Walking Distance Dance Festival

When ODC Theater first produced the Walking Distance Dance Festival it brought together some of the gems of Bay Area dance. Now in its third year, it’s reaching farther afield to include artists from New York, Seattle, and Los Angeles as well as a few of San Francisco’s finest. According to SF Weekly, this annual festival provides “an occasion to reconsider the state of contemporary dance.”

Amy O'Neal's solo, The Most Innovative, Daring, and Original Piece of Dance/Performance You Will See this Decade, photo by Bruce Clayton Tom

Amy O’Neal’s solo, The Most Innovative, Daring, and Original Piece of Dance/Performance You Will See this Decade, photo by Bruce Clayton Tom

One of the intriguing programs on May 31 will pair Seattle’s congenially defiant, gender-bending Amy O’Neal with New York’s eternally saucy Doug Elkins. They have each created their own mash-up of hip-hop and postmodern dance so they are sort of part of the same sister/brotherhood. (Click on this Choreography in Focus for a video conversation between Amy and me, complete with popping lesson!)

Lucky for me—I will actually be part of this festival on that day. Because I’ll be reading and not dancing, I can attend the events just before and after my 6:00 time slot, which will be a short walk away from ODC Theater and Dance Commons at the Store Front Lab.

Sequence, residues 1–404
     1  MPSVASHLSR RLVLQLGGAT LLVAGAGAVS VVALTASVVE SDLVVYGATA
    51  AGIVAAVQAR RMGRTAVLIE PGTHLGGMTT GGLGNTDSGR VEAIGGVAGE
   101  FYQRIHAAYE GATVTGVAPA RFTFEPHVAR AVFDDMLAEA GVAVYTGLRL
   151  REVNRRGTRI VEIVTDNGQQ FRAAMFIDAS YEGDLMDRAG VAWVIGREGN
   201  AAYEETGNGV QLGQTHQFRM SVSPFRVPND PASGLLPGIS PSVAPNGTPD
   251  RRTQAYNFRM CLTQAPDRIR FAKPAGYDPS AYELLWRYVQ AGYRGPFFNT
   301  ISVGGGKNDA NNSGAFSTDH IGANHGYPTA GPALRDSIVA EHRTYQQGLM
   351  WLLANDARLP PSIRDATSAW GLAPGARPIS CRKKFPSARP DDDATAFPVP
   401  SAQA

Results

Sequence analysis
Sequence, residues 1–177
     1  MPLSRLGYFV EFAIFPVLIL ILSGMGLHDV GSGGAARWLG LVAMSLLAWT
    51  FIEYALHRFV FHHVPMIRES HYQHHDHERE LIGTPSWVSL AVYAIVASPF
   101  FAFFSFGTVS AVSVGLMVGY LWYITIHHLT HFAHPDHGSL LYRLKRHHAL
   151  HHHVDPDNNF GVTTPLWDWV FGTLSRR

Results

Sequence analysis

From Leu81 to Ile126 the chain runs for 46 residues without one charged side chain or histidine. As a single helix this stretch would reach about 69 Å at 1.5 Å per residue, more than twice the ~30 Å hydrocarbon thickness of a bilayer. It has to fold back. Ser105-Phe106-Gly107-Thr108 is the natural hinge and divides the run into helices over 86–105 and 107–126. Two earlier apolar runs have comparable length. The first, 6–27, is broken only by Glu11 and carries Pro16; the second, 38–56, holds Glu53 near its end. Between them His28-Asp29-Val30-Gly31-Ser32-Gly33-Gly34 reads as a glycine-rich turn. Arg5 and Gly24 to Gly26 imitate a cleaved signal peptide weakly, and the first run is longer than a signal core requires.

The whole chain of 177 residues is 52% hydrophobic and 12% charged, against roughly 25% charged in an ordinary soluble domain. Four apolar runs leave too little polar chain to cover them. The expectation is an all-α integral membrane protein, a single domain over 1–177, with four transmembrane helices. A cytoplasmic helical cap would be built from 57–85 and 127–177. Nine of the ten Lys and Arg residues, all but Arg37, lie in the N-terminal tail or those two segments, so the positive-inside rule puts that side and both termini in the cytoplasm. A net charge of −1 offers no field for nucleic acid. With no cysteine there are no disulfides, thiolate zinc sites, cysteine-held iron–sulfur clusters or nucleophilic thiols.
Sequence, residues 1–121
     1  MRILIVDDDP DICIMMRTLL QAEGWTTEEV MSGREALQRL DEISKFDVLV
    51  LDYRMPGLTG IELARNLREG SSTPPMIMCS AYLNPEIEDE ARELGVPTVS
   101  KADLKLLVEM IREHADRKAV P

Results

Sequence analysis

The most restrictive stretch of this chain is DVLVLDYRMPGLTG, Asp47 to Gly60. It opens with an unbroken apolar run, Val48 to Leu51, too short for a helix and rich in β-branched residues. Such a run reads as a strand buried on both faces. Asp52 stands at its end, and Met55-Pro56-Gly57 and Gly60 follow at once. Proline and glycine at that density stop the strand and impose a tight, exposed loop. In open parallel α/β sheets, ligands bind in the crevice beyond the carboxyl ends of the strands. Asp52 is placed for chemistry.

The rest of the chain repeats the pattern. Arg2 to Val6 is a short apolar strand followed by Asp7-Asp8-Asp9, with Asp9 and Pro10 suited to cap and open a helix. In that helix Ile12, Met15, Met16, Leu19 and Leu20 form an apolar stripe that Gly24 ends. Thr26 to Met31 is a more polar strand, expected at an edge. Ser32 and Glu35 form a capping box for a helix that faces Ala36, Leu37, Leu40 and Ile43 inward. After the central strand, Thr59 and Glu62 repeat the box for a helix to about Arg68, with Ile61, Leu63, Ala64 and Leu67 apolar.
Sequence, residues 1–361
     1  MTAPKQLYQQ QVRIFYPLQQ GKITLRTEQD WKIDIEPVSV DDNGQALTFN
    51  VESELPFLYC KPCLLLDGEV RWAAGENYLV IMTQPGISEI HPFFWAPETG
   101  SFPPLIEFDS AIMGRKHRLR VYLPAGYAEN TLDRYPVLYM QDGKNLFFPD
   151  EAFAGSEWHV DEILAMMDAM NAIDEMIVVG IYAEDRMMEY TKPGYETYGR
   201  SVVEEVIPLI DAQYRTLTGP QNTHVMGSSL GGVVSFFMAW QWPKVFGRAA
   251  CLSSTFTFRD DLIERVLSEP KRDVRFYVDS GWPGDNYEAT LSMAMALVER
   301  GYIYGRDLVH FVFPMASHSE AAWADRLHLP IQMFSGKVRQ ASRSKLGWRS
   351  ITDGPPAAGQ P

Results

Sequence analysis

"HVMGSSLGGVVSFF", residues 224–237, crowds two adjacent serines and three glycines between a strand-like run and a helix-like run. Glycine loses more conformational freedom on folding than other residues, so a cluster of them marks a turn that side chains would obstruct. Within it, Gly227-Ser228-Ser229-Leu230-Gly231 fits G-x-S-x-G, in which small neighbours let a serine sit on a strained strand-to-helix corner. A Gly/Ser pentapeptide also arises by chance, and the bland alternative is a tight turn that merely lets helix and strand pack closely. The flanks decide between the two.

Rachna Nivas of Chitresh Das Dance Company, photo by Margo Moritz

Rachna Nivas of Chitresh Das Dance Company, photo by Margo Moritz

I look forward to seeing the latest incarnation of Charlie Moulton, whom I knew when he was a Cunningham dancer just beginning to choreograph. He’s now half of Garrett + Moulton Productions, and they’ll be paired with the renowned Kathak group, Chitresh Das Dance Company.  At some point I’ll head down to the Mission District to see Heidi Duckler’s site-specific Bowling Blues at Mission Bowling Club. I’ve heard about her work but never experienced it.

As the promotional material says, the pairings have been designed to “spark conversation.” And that goes for my reading too. Even though my bit will be toute seule, I definitely intend to trigger conversation—if not full-fledged arguments! But in another way, my reading won’t be alone at all, because I feel embraced by the Bay Area dance community just by being invited to this festival. Plus, my way has been paved by this thoughtful advance story by ODC writer-in-residence Marie Tollon.

The WDDF is actually a two-day festival, May 30 and 31, so check out their website for the full scope.

Something light, for the sake of the dark, photo by Tim Summers

Amy O’Neal in Something light, for the sake of the dark, photo by Tim Summers. Photo of O’Neal on Homepage by Gabriel Bienczycki

 

 

 

 

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